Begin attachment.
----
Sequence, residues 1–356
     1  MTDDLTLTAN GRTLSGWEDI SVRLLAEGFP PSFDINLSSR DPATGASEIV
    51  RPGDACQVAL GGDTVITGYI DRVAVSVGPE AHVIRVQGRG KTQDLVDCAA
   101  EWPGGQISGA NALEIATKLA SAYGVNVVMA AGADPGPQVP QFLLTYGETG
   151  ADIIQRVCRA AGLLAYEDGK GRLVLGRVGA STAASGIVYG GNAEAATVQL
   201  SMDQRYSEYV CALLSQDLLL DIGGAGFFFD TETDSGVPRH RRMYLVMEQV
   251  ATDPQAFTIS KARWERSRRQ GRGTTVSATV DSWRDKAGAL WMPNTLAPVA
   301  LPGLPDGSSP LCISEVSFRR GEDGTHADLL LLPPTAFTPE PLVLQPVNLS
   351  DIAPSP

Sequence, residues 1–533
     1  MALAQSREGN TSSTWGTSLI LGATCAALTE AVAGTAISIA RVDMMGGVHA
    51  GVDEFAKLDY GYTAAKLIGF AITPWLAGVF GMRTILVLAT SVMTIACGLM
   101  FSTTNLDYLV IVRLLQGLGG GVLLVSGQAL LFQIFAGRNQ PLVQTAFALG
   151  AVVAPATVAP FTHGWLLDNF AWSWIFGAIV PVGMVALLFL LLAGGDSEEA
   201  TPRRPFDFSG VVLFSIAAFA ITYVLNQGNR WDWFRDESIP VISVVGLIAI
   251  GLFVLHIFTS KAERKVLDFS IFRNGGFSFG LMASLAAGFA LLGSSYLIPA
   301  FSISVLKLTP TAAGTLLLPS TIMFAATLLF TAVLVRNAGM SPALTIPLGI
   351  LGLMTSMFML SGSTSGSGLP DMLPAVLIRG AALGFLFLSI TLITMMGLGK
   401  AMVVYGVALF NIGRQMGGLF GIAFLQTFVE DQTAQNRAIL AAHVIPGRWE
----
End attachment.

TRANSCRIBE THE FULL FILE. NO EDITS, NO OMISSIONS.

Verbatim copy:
Sequence, residues 1–356
     1  MTDDLTLTAN GRTLSGWEDI SVRLLAEGFP PSFDINLSSR DPATGASEIV
    51  RPGDACQVAL GGDTVITGYI DRVAVSVGPE AHVIRVQGRG KTQDLVDCAA
   101  EWPGGQISGA NALEIATKLA SAYGVNVVMA AGADPGPQVP QFLLTYGETG
   151  ADIIQRVCRA AGLLAYEDGK GRLVLGRVGA STAASGIVYG GNAEAATVQL
   201  SMDQRYSEYV CALLSQDLLL DIGGAGFFFD TETDSGVPRH RRMYLVMEQV
   251  ATDPQAFTIS KARWERSRRQ GRGTTVSATV DSWRDKAGAL WMPNTLAPVA
   301  LPGLPDGSSP LCISEVSFRR GEDGTHADLL LLPPTAFTPE PLVLQPVNLS
   351  DIAPSP

Sequence, residues 1–533
     1  MALAQSREGN TSSTWGTSLI LGATCAALTE AVAGTAISIA RVDMMGGVHA
    51  GVDEFAKLDY GYTAAKLIGF AITPWLAGVF GMRTILVLAT SVMTIACGLM
   101  FSTTNLDYLV IVRLLQGLGG GVLLVSGQAL LFQIFAGRNQ PLVQTAFALG
   151  AVVAPATVAP FTHGWLLDNF AWSWIFGAIV PVGMVALLFL LLAGGDSEEA
   201  TPRRPFDFSG VVLFSIAAFA ITYVLNQGNR WDWFRDESIP VISVVGLIAI
   251  GLFVLHIFTS KAERKVLDFS IFRNGGFSFG LMASLAAGFA LLGSSYLIPA
   301  FSISVLKLTP TAAGTLLLPS TIMFAATLLF TAVLVRNAGM SPALTIPLGI
   351  LGLMTSMFML SGSTSGSGLP DMLPAVLIRG AALGFLFLSI TLITMMGLGK
   401  AMVVYGVALF NIGRQMGGLF GIAFLQTFVE DQTAQNRAIL AAHVIPGRWE